Wednesday, September 28, 2011

Reasonableness and Your First Court Appearance

This week I had a court appearance with an attorney who was doing his first court appearance and seemed a bit over-confident all around.  Luckily for me, my client had most of the leverage going into the court appearance, and it was a matter of memorializing a quick settlement and everyone goes home.

Despite our first conversations, which seemed positive, the other attorney went and spoke to his client and immediately the mood changed with him.  On a first appearance, it is usually helpful (at least in this case) to be a little reasonable so that the parties can reach an actual settlement.  But once the other party began to get involved, he decided to push back and test my client's leverage.  In doing so, he was neglecting to share very pertinent information with his own attorney.  So when the attorney came back with a counter-offer that was offensively insulting (to put it mildly), I was forced to pull out my files and show him a few documents that blew up his client's claims.

It was surprising to watch an attorney be lied to repeatedly by his own client, and even when confronted with documents proving it to be false, the attorney just shrugged it off and kept saying that he believed his client and that maybe we should let the judge decide.  This position was ponderous to me as the other attorney had no documents and I wasn't sure how a judge could even decide in his client's favor.  But I digress.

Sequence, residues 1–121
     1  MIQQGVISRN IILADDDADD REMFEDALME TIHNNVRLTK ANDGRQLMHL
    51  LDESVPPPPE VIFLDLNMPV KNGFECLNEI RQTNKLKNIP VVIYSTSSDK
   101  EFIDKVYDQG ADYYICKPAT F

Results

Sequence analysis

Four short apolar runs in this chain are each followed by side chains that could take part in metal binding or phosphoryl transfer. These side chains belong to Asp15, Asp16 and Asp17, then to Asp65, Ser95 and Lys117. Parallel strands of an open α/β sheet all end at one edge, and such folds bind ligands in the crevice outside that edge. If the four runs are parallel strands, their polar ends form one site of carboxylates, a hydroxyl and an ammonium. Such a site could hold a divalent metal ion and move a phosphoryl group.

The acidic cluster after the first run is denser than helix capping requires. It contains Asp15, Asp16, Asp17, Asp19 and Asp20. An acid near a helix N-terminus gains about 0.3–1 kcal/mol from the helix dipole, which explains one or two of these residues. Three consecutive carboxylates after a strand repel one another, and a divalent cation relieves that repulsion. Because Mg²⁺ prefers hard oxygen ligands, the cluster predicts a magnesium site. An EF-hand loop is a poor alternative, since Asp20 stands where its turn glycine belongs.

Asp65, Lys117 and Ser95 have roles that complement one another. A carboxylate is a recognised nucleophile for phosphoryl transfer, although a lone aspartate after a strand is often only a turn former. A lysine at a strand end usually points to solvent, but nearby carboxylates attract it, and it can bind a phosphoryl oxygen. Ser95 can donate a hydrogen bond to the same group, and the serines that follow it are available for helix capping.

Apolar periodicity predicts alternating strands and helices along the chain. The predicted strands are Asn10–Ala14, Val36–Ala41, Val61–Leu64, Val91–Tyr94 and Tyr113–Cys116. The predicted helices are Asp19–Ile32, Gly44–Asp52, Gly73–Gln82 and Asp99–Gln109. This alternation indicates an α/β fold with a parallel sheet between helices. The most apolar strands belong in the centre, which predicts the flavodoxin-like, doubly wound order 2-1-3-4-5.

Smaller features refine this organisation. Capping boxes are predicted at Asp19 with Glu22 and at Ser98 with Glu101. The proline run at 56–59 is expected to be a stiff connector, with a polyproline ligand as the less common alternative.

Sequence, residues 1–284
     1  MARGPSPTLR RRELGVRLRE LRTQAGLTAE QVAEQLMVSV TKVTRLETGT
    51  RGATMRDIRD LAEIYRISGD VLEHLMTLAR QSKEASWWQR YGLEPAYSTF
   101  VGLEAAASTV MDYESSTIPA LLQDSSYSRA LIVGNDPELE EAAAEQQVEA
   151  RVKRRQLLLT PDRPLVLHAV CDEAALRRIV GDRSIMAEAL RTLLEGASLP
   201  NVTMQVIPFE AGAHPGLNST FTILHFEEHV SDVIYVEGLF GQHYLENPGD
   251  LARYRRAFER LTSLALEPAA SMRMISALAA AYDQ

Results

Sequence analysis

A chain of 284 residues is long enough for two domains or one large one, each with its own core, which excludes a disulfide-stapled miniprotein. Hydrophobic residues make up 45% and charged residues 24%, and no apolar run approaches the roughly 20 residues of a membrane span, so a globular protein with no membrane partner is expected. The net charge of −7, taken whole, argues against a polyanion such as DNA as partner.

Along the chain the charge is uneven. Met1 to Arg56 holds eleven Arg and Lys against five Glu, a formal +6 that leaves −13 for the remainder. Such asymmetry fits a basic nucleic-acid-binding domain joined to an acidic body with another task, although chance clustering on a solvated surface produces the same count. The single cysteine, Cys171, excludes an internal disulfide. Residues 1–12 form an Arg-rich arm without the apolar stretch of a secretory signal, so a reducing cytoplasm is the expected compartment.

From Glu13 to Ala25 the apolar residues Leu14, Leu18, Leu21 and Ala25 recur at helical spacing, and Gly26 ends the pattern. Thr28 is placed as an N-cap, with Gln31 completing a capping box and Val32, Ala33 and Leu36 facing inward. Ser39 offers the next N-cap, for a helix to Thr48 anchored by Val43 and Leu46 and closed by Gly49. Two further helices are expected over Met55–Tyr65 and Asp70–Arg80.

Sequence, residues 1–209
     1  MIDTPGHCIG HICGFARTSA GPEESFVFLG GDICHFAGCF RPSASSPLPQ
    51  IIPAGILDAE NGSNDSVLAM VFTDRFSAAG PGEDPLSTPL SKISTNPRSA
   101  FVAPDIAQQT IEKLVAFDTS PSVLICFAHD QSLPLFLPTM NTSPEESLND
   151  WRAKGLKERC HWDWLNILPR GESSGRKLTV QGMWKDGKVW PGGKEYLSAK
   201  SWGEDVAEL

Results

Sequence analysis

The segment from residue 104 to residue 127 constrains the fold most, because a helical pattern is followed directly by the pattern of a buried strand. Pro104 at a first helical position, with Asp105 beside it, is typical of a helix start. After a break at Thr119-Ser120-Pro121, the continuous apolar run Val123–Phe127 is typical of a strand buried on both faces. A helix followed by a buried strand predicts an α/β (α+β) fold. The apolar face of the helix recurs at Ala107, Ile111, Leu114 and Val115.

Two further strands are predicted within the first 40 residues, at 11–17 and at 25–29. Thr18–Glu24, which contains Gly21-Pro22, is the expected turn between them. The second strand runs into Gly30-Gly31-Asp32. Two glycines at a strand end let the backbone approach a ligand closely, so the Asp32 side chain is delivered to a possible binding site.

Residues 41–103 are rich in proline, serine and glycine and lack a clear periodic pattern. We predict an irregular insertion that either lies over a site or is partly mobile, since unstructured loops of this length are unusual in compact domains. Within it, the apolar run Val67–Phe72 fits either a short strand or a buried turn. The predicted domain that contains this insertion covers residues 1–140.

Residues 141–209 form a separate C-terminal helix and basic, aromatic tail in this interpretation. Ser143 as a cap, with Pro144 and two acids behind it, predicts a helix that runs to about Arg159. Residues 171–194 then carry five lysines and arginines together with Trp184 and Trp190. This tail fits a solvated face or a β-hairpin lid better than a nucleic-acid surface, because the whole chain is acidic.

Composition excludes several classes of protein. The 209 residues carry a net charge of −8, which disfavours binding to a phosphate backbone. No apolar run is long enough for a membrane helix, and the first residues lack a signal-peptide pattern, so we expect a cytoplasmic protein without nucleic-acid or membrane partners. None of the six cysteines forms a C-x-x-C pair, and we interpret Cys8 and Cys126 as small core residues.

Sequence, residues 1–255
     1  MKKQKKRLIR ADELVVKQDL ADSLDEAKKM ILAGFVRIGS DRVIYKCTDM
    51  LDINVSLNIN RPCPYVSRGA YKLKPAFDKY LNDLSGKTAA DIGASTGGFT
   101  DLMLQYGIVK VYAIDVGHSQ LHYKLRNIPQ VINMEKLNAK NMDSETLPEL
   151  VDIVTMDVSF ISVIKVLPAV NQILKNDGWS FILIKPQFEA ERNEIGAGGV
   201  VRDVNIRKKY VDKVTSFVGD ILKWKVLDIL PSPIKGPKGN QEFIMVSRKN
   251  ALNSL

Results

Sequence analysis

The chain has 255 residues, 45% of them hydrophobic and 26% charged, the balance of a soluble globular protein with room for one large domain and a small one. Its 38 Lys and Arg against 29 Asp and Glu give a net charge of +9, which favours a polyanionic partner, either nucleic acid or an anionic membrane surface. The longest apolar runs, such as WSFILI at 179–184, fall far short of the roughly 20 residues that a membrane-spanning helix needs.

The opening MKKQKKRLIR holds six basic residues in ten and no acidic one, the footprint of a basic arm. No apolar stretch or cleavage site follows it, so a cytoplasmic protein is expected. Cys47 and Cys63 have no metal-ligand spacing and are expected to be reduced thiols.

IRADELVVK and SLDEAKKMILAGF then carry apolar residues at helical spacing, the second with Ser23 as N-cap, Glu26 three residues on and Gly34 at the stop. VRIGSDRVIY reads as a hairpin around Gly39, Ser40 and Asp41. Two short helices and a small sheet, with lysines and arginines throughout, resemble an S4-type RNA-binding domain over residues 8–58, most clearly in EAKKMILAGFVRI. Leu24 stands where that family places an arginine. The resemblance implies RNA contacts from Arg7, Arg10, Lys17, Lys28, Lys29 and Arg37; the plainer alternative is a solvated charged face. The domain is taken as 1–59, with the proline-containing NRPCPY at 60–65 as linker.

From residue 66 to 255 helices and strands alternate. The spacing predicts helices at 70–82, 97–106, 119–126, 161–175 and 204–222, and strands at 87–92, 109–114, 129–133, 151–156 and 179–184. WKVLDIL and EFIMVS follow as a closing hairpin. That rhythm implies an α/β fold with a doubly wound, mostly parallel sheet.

When it finally appeared we had a settlement, it was already lunchtime and the court told us to come back in the afternoon.  Not shockingly, when we came back from lunch, the other client decided he was pulling back from some of the points of our agreement.  Normally I would have been more upset, but in doing so, the opposing client left the door wide open for himself to be sanctioned and have significant problems in the future.  It was an odd course to take, but it left me wondering whether this attorney, making his first court appearance, was a genius who put on a show to create a mountain of legal fees for his firm or if he really didn't know any better and was content to spend a day being blatantly lied to by his own client.

Either way, it made for an entertaining day in the courthouse.

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